Moving forward will require a focus on domestic policy as much as a focus on our relationship with the EU

The UK has woken up a little bleary eyed to find that her people have spoken and the majority of voters have chosen to leave the European Union (EU) – a victory for the Leave campaign. So, what now? After months of campaigning, it is vital that we all accept the result, look forward and focus on the UK’s future.

The EU Referendum campaign will have consequences

A campaign as intense as this was will have consequences. I have been in 11 UK cities in the last 3 weeks and have spoken with local campaigners on both sides about the mood on the ground. Without doubt there are issues which have been bubbling beneath the surface that the campaign has brought to the boil.

The campaign has exposed divisions across the UK. The pre-vote polls strongly suggested there are clear differences by age, social class and geography on key issues such as immigration, sovereignty and the economy. During the campaign we heard concerns over access to education, the NHS and housing as well as frustration over the nature and value of opportunities in the labour market.

What are the priorities for action?

Moving forward it is vital that the issues raised in the referendum campaign are addressed. A sustainable long-term solution will look to ensure the benefits from changes in the UK’s relationship with the EU and the rest of the world and will be directed to improving the situation in the whole of the UK. Clearly the UK needs to negotiate the terms of its separation from the EU and to start to engage with other trading partners to make clear that Britain is open for business. At the same time it is at least as important to consider the domestic political agenda. This two-pronged approach is essential to get the UK moving forward together as one nation.

Europe is one key area…

As far as relations with the EU go, the priorities should be to begin the process of defining the future terms of trade and the UK’s approach to the movement of labour. This is likely to require trade-offs at some point, although the strong concerns voters raised over immigration may tie the negotiators’ hands somewhat.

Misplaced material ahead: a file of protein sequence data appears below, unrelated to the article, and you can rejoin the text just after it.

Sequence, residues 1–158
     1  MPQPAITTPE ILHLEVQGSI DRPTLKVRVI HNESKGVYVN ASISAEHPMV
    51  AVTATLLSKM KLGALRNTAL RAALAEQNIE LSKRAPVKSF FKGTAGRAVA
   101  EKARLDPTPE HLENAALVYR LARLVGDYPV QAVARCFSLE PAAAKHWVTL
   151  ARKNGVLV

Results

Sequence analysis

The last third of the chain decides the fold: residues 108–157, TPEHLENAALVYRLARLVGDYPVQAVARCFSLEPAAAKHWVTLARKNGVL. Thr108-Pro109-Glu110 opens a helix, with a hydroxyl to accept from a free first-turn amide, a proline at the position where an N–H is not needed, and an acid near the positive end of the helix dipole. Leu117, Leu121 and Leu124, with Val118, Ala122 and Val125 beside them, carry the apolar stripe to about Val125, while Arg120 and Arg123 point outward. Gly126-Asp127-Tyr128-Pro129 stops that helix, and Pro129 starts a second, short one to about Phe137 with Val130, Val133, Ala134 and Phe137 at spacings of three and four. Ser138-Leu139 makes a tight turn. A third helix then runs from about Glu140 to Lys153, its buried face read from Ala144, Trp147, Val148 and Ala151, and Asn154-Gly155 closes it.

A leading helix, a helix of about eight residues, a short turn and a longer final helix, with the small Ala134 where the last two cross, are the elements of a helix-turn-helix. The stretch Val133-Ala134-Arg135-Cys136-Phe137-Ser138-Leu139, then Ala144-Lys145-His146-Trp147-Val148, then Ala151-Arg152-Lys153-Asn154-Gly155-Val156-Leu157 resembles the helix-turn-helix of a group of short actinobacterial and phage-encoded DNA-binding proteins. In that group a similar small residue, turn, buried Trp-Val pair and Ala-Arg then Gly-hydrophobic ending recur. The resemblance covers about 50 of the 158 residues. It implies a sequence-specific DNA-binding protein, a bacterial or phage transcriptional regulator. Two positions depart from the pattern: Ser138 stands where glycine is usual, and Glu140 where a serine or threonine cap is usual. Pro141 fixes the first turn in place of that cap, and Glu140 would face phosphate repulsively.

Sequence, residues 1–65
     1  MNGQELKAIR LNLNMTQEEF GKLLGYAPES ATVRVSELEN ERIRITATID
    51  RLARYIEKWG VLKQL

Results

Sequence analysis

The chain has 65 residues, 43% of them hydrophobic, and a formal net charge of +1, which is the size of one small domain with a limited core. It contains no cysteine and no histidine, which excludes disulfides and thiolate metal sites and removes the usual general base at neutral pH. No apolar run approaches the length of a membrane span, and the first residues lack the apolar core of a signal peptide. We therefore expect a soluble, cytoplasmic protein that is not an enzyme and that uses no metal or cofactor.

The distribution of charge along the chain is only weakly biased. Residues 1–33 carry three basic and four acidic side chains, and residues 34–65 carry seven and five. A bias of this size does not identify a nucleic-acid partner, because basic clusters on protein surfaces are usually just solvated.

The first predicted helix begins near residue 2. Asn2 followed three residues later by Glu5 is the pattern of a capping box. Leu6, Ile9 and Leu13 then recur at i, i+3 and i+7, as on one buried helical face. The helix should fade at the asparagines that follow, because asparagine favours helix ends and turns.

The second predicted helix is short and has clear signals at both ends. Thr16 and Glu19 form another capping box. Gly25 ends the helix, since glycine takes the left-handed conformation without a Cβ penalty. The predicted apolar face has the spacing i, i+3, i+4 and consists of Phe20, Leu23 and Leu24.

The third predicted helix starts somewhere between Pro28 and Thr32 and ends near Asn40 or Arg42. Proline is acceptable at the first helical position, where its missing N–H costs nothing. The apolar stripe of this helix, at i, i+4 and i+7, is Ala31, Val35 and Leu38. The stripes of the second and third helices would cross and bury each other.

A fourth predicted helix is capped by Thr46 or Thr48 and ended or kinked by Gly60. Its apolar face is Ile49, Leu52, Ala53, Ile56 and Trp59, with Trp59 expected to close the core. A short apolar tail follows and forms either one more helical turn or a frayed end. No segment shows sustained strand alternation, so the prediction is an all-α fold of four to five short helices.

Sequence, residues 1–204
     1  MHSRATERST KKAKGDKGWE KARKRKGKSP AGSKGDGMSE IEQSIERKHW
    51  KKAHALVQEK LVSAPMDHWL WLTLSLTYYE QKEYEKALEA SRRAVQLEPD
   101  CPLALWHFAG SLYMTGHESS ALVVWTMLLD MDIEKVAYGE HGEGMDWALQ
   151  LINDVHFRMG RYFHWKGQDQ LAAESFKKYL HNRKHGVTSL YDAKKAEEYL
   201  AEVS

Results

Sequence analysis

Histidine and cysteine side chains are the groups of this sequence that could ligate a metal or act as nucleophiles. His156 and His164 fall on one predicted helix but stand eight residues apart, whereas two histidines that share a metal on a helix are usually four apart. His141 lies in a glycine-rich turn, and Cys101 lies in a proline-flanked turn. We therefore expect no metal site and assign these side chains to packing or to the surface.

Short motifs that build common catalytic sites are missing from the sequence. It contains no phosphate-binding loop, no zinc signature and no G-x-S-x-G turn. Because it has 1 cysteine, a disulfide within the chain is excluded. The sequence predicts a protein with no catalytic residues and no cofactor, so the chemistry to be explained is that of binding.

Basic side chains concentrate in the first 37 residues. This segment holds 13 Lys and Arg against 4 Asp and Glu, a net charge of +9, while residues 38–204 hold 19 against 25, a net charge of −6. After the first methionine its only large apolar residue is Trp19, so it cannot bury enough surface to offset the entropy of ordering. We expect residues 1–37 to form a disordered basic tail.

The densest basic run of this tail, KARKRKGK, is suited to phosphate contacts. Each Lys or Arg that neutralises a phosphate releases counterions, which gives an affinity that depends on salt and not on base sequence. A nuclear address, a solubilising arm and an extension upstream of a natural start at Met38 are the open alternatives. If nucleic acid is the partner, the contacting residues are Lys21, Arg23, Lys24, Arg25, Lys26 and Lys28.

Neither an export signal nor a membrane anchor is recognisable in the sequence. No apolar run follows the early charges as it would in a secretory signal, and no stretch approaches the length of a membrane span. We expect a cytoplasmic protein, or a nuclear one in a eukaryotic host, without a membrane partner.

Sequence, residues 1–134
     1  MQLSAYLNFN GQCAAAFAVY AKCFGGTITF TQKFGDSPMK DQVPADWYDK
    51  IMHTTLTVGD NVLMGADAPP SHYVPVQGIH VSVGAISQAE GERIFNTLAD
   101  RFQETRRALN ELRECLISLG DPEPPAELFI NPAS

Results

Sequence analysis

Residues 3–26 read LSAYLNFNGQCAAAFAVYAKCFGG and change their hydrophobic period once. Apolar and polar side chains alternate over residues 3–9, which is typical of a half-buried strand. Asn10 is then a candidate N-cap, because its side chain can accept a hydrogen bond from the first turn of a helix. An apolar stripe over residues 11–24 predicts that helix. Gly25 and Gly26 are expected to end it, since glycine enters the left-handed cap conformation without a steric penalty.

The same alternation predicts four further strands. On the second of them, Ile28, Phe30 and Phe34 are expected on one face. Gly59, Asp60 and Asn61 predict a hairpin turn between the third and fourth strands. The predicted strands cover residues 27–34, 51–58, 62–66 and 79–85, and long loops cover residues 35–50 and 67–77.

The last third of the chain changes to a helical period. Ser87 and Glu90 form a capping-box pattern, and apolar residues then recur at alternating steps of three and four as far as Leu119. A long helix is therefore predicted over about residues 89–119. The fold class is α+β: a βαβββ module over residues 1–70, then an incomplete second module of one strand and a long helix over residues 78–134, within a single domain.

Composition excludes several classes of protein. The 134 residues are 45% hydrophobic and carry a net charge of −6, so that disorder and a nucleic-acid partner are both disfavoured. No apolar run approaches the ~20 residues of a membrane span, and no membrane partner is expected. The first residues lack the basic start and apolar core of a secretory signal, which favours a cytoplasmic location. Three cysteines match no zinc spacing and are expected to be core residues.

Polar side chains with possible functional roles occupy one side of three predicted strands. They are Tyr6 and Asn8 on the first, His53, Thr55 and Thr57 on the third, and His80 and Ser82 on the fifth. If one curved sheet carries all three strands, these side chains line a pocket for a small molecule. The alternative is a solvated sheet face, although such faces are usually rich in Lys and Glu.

…but the referendum has shone a light on many domestic challenges.

It would be wrong to interpret the vote as solely a comment on the UK’s relationship with the EU. The country is divided and any future settlement must be designed with the aim of improving the economic and social circumstances of people across the whole country. The drive to devolve economic decision-making power has already started and this now needs to be bolstered. Key components of making this a success will be the development of a manufacturing strategy and a concerted approach to build up the UK’s digital skills capability. These efforts should be integrated to the UK’s trade negotiations to ensure we are working to maximise the new opportunities available to us.

The future has to be one of inclusive growth

There is a need to think about the economy more strategically as part of the process of preparing and then running negotiations with the EU and other trading partners. How might we do this? Is there an opportunity to create a special commission or a group that can really focus on future UK inclusive growth? Many businesses will be looking to the Government to set out a five year vision for the UK that can be marketed to the rest of the world, and many citizens want to be reassured their lives will be improved. A tri-partite initiative with a national remit which involves all groups and geographies seems like a new way of thinking. It may herald the start of a new era in UK economic policy-making to sit alongside the new era in external relationships we are embarking on.

For further EY analysis click here.



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